Letters

Letters 10-27-2014

Paging Doctor Dan: The doctor’s promise to repeal Obamacare reminds me of the frantic restaurant owner hurrying to install an exhaust fan after the kitchen burns down. He voted 51 times to replace the ACA law; a colossal waste of money and time. It’s here to stay and he has nothing to replace it.

Evolution Is Real Science: Breathtaking inanity. That was the term used by Judge John Jones III in his elegant evisceration of creationist arguments attempting to equate it to evolutionary theory in his landmark Kitzmiller vs. Dover Board of Education decision in 2005.

U.S. No Global Police: Steven Tuttle in the October 13 issue is correct: our military, under the leadership of the President (not the Congress) is charged with protecting the country, its citizens, and its borders. It is not charged with  performing military missions in other places in the world just because they have something we want (oil), or we don’t like their form of government, or we want to force them to live by the UN or our rules.

Graffiti: Art Or Vandalism?: I walk the [Grand Traverse] Commons frequently and sometimes I include the loop up to the cistern just to go and see how the art on the cistern has evolved. Granted there is the occasional gross image or word but generally there is a flurry of color.

NMEAC Snubbed: Northern Michigan Environmental Action Council (NMEAC) is the Grand Traverse region’s oldest grassroots environmental advocacy organization. Preserving the environment through citizen action and education is our mission.

Vote, Everyone: Election Day on November 4 is fast approaching, and now is the time to make a commitment to vote. You may be getting sick of the political ads on TV, but instead, be grateful that you live in a free country with open elections. Take the time to learn about the candidates by contacting your county parties and doing research.

Do Fluoride Research: Hydrofluorosilicic acid, H2SiF6, is a byproduct from the production of fertilizer. This liquid, not environmentally safe, is scrubbed from the chimney of the fertilizer plant, put into containers, and shipped. Now it is a ‘product’ added to the public drinking water.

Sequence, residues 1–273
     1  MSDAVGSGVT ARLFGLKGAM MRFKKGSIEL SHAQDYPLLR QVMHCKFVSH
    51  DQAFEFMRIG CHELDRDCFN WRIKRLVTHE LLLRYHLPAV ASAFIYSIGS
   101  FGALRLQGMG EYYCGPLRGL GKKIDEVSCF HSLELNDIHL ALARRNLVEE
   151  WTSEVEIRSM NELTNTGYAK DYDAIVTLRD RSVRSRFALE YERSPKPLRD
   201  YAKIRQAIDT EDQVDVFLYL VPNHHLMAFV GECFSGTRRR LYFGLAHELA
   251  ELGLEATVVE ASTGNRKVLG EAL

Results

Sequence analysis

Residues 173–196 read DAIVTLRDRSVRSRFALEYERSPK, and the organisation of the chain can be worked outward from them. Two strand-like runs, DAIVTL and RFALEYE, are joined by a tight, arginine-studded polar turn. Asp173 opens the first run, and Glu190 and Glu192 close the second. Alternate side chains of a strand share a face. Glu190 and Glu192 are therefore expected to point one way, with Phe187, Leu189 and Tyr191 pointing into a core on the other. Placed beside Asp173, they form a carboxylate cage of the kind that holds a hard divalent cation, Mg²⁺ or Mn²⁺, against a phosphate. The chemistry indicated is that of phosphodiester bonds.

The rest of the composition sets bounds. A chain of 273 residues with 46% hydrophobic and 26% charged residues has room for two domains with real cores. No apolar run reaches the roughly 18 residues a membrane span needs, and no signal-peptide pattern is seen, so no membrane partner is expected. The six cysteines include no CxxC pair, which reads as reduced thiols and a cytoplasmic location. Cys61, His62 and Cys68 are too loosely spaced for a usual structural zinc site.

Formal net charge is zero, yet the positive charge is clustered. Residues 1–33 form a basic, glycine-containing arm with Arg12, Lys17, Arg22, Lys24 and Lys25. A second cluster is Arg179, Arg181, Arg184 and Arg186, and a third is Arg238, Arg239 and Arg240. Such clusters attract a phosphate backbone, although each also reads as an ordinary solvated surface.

Meet The Homeless: As someone who volunteers for a Traverse City organization that works with homeless people, I am appalled at what is happening at the meetings regarding the homeless shelter. The people fighting this shelter need to get to know some homeless families. They have the wrong idea about who the homeless are.

Home · Articles · News · Features · Ice Boating an ancient sport in...
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Ice Boating an ancient sport in a modern world

John L. Russell - December 3rd, 2012  

The docks have been pulled from the lakes, and the boats are covered and stored for the winter.

It’s time to go sailing. Iceboating, to be more precise. Sailing on frozen surfaces is believed to have its roots in Northern Europe, where goods and people moved around the region on frozen rivers and canals, using simple sails and handmade boats.

The Dutch and others brought iceboating to the Hudson River valley and other places along the East Coast, where miles of frozen rivers made for great sailing during the winter months. Freight and people were commonly moved up and down the Hudson River in huge, slooped-rigged boats.

Ranging in length from 30 - 50 feet, the stern-steering boats are still raced today by the Northwest Ice Yacht Association, having recently celebrated its 100th anniversary.

MICHIGAN’S ROLE

The ancient sport of sailing on frozen lakes and rivers is alive and well in our state, which has a long and involved history in the sport. Innovations developed in Michigan have enhanced and improved iceboating.